Doom 4 was notably absent from QuakeCon, but id Software says the game is still in full production, and that its absence can be explained by the studio’s aversion to long public relations campaigns.

When asked about the game in an open Q&A, John Carmack demurred, saying he was told not to speak about Doom 4’s ongoing development.

More candidly, id Software creative director Tim Willits told Polygon that the studio announced the game in 2007 to attract talented developers to the project.

“We have found that long PR cycles don’t help,” said Willits. “They’re a distraction to the development team. Your message can easily get diluted if you’re not careful. Bethesda has had great success with – heck, look at the Skyrim launch, that was like nine months!”

“One of the problems we got into — it’s always easy to say that — is that way back, when we wanted to grow the studio and look for great talent, we said, ‘Hey, we’re going to make another Doom game.’ We thought, ‘If we tell people we’re going to make another Doom game, we’re gonna attract some great talent.’ But that put a flagpole in the ground of when people thought we started on Doom. We wanted to throw that out there to tell people, ‘This is what we’re working on for the future, but we want to find people to do it.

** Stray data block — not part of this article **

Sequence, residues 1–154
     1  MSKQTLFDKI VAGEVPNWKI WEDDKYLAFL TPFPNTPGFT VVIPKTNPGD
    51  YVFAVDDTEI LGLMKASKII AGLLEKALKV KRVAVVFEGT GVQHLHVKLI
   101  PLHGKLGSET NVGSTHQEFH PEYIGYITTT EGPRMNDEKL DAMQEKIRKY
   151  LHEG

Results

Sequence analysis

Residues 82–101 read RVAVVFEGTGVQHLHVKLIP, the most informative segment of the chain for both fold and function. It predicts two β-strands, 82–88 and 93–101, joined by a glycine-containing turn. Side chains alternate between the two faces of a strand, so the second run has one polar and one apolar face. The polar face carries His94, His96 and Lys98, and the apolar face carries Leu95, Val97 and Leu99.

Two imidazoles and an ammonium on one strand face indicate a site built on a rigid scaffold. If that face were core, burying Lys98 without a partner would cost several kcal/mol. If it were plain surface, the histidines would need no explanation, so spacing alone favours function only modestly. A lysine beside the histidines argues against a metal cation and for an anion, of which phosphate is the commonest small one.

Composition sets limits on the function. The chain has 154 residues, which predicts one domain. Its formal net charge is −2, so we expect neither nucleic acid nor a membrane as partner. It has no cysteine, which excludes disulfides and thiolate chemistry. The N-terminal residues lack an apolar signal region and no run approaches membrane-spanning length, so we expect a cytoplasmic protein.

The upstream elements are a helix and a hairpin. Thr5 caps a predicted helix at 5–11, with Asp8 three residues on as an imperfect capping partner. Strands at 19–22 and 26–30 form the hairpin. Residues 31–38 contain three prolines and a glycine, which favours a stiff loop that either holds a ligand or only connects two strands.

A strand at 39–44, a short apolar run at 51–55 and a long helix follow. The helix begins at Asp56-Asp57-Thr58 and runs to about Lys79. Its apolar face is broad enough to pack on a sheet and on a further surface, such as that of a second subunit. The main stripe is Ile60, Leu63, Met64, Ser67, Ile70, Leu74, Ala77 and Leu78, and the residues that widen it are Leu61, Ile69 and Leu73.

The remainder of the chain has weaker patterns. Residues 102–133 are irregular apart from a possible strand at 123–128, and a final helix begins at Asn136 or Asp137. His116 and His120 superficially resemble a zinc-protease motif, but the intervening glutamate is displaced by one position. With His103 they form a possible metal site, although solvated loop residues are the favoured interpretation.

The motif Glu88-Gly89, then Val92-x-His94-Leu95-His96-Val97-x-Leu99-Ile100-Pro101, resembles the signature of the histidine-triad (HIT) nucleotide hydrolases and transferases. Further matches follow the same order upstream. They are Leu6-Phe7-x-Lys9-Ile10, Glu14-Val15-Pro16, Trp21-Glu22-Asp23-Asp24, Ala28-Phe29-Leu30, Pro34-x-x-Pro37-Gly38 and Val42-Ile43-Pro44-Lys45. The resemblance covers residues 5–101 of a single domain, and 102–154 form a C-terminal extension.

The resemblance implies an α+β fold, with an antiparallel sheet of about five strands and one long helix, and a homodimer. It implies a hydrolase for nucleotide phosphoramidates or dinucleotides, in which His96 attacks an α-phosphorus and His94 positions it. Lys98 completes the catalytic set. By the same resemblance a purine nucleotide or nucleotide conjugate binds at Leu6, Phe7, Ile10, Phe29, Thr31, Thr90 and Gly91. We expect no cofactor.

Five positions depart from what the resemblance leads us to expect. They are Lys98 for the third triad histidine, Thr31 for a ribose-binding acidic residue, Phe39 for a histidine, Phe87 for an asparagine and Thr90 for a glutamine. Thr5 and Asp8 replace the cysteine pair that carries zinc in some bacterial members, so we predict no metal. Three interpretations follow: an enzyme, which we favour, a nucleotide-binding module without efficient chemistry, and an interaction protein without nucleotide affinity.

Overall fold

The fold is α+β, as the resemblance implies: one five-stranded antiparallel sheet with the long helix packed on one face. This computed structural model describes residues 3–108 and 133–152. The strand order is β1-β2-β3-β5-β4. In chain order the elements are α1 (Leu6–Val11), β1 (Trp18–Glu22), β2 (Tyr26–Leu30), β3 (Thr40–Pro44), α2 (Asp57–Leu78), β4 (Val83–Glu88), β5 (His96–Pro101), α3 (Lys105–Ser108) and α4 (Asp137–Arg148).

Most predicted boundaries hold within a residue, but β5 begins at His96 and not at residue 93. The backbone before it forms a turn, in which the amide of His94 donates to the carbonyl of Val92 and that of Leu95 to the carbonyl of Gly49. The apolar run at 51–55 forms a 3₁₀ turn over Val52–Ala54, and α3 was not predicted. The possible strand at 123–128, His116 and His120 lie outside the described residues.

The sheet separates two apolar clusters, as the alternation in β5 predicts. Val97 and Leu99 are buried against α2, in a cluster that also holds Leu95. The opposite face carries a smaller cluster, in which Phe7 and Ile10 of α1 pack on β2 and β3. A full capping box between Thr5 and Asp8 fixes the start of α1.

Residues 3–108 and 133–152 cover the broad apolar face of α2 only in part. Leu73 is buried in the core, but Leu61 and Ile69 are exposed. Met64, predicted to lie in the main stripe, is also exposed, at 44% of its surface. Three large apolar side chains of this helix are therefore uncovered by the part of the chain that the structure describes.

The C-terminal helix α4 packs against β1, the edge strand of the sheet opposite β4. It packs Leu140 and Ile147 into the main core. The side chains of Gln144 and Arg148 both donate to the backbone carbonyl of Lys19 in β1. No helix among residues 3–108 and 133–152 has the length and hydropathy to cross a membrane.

“It takes forever to hire people. It takes months to hire one person. But yeah, it was a while. But again, like we said, now we’re streamlined. It’s difficult for developers to always have to make demos, go to events and shows, and at the end of the day, a great launch is important for a game, but a great game is important for success.”

In related news, Willits told Joystiq that the Rage franchise “is not dead.”

“I’m proud of what we did, I’m proud of the universe that we built. The franchise is not dead. We’re not doing anything immediately with it, but when I designed the universe, I designed it in such a way that it would be easy to step back into. I’m still proud that we did something that was different – it wasn’t like the games that we’ve done in the past.

“We really tried to do one engine that worked for everything,” said Willits. “It really helps establish a robust tech that, as John [Carmack] said last night, we’re adding stuff into it based on the new consoles, and it’s allowed people to make different games because the technology is flexible and robust and works on everything.”